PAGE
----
Holocaust And Wiesel

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Holocaust And Wiesel

In early 1944 the town of Sighet, Transylvania was overran by the Nazi war
regime as it rapidly expanded across Europe and parts of Asia. In this town a
young religious man named Elie Wiesel was questioning the intent of the German
army and the rumors that were circling about them. Although he had heard that
the Germans were planning mass genocide of the Jewish race, the common feeling
throughout the town was that Hitler could never exterminate every Jew. Early in
Wiesels Night, he recounts his experiences in the Holocaust and he expresses
his undying faith and belief that god would never allow Hitlers regime to run
its course. When the Nazi army finally reached the town of Signet, the Jews were
forced from their homes and relocated into the towns gettos. It was the
seventh day of Passover, and according to Wiesel, the race towards death had
begun.1 The Jews were slowly removed from the large getto of Sighet and
shipped to the smaller, holding getto where they were separated according
to sex, age, and physical ability, and prepared for shipment to Auschwitz. The
day that Wiesel and his family were to be moved to the smaller getto of Signet,
Wiesel demonstrates his faith in God by awaking early to perform his daily
prayers. As he prepared to leave his home he said, I looked at our house,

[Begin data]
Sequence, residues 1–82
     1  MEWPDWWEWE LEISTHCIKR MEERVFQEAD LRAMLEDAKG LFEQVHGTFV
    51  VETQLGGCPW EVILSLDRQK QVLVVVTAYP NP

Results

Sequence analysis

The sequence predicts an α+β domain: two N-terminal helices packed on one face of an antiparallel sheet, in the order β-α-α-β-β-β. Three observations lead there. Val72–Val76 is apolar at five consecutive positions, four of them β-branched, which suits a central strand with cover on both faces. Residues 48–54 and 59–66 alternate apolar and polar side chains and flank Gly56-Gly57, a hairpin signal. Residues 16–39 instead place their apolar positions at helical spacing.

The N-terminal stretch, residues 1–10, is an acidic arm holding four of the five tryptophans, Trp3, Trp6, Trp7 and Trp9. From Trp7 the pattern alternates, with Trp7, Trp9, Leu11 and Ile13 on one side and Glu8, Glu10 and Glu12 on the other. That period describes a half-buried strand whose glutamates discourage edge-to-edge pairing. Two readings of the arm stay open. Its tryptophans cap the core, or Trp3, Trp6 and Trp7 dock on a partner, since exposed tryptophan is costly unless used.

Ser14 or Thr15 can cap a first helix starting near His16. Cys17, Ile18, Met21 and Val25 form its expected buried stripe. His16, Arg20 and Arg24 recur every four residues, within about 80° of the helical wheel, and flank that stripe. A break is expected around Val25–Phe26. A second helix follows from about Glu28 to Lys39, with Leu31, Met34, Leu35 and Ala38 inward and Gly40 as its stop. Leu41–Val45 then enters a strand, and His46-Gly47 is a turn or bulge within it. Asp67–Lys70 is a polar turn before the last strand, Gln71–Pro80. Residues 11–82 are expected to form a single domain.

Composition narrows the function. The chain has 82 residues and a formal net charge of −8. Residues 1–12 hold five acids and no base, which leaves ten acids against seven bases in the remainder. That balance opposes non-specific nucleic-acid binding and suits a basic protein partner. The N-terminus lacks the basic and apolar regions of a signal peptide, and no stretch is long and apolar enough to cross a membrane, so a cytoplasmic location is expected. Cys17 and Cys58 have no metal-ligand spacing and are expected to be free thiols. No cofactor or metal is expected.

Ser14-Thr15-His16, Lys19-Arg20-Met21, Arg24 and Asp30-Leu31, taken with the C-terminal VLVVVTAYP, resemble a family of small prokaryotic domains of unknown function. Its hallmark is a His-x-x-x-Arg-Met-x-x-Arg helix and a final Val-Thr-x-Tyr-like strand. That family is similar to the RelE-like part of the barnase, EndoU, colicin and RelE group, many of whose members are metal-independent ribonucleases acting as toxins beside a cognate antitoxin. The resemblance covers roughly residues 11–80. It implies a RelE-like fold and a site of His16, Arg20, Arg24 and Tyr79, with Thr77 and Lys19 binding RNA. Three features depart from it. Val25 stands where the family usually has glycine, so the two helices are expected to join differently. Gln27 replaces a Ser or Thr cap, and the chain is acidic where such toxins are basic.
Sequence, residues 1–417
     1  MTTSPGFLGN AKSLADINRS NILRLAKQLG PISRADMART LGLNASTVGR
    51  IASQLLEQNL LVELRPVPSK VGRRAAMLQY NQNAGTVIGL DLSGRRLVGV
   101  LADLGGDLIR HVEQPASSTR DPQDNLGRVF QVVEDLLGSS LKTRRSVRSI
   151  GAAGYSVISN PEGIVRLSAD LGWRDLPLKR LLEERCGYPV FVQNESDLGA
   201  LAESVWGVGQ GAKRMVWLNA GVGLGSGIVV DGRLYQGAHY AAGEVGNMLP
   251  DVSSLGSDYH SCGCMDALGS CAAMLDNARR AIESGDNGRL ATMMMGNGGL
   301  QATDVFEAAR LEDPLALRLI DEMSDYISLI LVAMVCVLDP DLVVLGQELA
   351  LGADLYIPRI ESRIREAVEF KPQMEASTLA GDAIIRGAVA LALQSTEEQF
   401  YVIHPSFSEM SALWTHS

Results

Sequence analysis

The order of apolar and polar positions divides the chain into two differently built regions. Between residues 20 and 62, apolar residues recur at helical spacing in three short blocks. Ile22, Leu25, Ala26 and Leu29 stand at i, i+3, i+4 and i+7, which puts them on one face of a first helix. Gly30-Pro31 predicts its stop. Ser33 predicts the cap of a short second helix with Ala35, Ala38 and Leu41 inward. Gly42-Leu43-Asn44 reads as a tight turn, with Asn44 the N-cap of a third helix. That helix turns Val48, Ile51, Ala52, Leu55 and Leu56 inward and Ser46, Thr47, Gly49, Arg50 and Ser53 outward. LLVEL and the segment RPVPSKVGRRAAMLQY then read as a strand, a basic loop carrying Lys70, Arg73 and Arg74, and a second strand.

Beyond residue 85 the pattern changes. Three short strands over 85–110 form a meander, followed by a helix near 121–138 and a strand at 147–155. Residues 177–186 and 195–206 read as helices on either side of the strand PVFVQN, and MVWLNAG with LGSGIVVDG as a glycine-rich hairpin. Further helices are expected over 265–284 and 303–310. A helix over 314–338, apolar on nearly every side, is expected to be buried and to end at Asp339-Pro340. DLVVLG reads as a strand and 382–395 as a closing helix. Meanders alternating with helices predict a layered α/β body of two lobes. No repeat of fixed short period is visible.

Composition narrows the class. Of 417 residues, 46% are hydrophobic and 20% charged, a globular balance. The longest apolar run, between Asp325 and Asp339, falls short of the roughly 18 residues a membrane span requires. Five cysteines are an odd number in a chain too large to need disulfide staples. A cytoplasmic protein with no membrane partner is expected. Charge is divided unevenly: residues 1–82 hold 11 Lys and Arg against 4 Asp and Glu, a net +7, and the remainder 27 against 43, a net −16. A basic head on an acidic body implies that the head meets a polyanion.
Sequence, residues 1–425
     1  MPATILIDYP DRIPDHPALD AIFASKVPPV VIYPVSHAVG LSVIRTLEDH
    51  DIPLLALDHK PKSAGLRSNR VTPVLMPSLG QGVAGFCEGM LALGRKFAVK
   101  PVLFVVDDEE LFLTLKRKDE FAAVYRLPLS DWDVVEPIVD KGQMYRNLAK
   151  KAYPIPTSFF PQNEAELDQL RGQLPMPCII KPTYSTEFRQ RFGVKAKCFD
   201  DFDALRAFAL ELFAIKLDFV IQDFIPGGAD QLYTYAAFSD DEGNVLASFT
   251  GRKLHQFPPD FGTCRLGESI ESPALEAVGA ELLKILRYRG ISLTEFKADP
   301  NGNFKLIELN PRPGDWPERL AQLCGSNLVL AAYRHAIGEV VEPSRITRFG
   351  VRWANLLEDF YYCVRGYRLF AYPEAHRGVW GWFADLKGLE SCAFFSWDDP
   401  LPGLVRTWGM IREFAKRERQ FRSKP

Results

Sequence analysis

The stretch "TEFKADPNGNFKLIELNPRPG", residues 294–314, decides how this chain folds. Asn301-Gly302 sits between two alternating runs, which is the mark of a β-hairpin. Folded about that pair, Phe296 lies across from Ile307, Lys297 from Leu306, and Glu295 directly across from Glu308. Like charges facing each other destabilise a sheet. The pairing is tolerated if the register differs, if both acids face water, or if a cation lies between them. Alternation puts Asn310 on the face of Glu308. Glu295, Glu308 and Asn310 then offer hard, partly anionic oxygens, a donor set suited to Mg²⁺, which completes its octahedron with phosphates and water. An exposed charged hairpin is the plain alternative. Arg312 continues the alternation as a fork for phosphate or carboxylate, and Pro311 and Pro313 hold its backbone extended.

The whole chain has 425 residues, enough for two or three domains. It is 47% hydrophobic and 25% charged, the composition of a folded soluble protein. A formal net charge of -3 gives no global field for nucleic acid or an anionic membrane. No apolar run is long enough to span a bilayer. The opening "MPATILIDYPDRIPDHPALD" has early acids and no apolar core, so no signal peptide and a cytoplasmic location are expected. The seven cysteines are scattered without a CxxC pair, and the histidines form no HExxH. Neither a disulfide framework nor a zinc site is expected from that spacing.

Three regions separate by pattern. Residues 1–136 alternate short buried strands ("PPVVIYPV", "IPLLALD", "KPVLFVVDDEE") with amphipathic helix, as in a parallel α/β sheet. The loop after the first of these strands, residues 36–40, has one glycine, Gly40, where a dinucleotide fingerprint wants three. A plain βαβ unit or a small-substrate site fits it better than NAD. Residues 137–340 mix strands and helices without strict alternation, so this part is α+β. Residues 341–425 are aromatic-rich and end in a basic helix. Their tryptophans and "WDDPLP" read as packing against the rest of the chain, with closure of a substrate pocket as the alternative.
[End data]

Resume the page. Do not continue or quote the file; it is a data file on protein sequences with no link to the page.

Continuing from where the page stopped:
where I had spent so many years in my search for God; in fasting in order to
hasten the coming of the Messiah; in imagining what my life would be like. Yet I
felt little sorrow.2 This passage is symbolic of his first parting with his
faith in God. Yet he still believed in God, he was beginning to understand that
a God should not let mass extermination happen to his people. While he was sub-consciencly
loosing his faith in God, he still felt that there was strength in humanity and
that human morals would never allow the burning of Jews. Upon Wiesels arrival
at Auschwitz he caught his first glimpse of the crematories he exclaimed to his
father, I do not believe that they can burn people in our agehumanity
would never tolerate it.3 Yet after his father convinced him of the horrible
truth his faith in god could never be restored. Wiesels father, after fully
realizing the full horror of the concentration camps, said a small prayer to
God, and to this Elie reacted with utter defiance. For the first time, I felt
revolt rise up in me. Why should I bless His name? The Eternal, Lord of the
Universe, the All-Powerful and Terrible, was silent. What had I to thank Him
for?4 Although Wiesel still believed in the presence of God, he felt that in
Gods silence he was defying the Jews and their faith in him. How could
someone you are so devoted to be absent in your greatest time of need? Wiesel
said that he sympathized with Job, and I feel that the similarities between
Wiesel and Job are numerous. Both were very religious men who put their faith
before all other, and yet both found that their faith brought them nothing but
suffering. Both felt that they deserved a more peaceful and humane existence
because of their undying devotion, yet both lived in the cruelest situations for
some time. Wiesel felt that man was stronger that god because throughout the
Holocaust his fellow prisoners continued to praise God and believed that God
allowed the Holocaust in order to benefit the Jews in some strange way. Wiesel
felt that because of all the torture that the Jews were subjected to their
continued praise proved that they were ignorant to the fact that God was not a
source of supreme justice. Wiesel continued to despise God for the remainder of
the Holocaust, yet from this new independence he found power. I felt very
strong. I was the accuser, God the accusedI was terribly alone in a world
without god and without man.


Religion